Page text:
Seeking validation for my skepticism I checked my Goodreads account, where I have been pretty consistent at logging the books I read for the¬†last few years, and I discovered that I had actually read about forty books the previous year and a similar number the years before. Still not¬†yet convinced that reading an additional twenty books a year¬†was even a plausibility for me, I noted Stephen King’s advice and gently¬†tucked¬†it aside in a corner of my mind for safe keeping.

At the same time I started On Writing, I had also been reading a book called¬†¬†Think Like a Freak by Steven Levitt and Stephen Dubner, the authors of Freakonomics.¬†(I tend to do this, start and read multiple B0tWnWFIgAAxRXAbooks at once. There’s something kind of lonely to me about only having one book “in progress” at a time, but that is fodder for another post!) I had started reading right before I read¬†On Writing, and I finished it just after.

This was one of the most fun books I’ve read in a long time. I would say that I am generally an out-of-the-box thinker, and so I really appreciated the authors’ take on various topics and advice for looking at things and thinking differently. This book is an¬†excellent read¬†for anyone who is interested in finding ways to develop a stronger growth mindset or who feels like they just want a new perspective.

And wouldn’t you know, these authors also go¬†ahead and recommend the same advice about reading often, citing long lists of¬†successful leaders and business owners who do so. And, just like King, they quantify the number of books per year. In just two days’ time,¬†the notion of reading about sixty books per year — and the incredible value in doing so — was presented to me.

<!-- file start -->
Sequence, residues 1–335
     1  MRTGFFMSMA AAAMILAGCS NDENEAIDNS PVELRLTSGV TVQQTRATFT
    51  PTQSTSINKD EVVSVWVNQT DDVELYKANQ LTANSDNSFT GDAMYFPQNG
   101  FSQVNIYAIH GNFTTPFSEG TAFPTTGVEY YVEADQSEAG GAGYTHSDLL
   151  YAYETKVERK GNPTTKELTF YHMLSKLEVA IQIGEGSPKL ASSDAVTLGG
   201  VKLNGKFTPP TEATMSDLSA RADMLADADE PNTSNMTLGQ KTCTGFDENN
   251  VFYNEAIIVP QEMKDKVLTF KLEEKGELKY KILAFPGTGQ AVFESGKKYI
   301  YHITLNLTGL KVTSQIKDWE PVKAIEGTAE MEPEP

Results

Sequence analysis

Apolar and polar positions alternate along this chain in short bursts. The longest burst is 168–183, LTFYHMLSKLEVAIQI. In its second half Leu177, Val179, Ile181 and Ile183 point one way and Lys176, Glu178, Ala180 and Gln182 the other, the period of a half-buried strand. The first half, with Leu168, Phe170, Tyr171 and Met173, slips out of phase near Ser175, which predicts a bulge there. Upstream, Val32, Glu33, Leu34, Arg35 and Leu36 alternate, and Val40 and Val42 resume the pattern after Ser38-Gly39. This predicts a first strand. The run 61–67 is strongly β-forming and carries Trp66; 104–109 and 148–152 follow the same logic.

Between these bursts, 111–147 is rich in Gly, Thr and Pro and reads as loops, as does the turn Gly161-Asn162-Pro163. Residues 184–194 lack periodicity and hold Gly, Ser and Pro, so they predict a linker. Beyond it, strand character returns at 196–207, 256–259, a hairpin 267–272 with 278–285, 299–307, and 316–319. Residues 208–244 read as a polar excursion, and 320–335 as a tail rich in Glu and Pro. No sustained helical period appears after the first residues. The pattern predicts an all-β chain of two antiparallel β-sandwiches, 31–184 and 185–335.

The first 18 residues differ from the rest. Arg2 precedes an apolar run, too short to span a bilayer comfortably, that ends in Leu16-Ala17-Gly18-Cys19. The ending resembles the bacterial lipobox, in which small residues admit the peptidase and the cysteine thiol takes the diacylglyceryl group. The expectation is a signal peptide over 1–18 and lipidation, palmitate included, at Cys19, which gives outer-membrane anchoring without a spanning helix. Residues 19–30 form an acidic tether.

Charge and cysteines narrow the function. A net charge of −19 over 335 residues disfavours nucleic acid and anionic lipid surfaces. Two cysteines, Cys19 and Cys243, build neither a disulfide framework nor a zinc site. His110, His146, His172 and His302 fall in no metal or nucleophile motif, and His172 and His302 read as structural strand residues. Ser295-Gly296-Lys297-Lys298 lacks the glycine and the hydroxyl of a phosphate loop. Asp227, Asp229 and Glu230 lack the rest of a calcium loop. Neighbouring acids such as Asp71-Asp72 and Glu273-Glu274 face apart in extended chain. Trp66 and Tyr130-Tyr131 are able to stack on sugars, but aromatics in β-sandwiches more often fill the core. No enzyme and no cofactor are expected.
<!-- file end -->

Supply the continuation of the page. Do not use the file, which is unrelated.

I know I couldn’t just consider it a coincidence — that in both of these books written by successful people about successful people that¬†there is a magic number of books we need to read each year — and then move on. I kept thinking about this number. I mean I’d been pretty close with about forty books a year, so maybe adding twenty more books wouldn’t be so tough. I struggled with figuring out how I could fit all of these books into my own schedule.

Then, two more things happened over the next few months to convince me that I had to find a way.

First, I came across this quote by Lisa See from Snow Flower and the Secret Fan: ‚ÄúRead a thousand books, and your words will flow like a river.‚ÄĚ I did a little math, and 1000 books divided by 60 books a year works out to almost 17 years. It hit really me then. (Like a big punch in the gut or a hard slap in the face, it hit me.) If I had been reading at the full pace of sixty books a year all along, perhaps writing would be a lot easier for me by now. Perhaps I would be finding and expressing my ideas a little more clearly. It struck me that I had some serious catching up to do on my reading.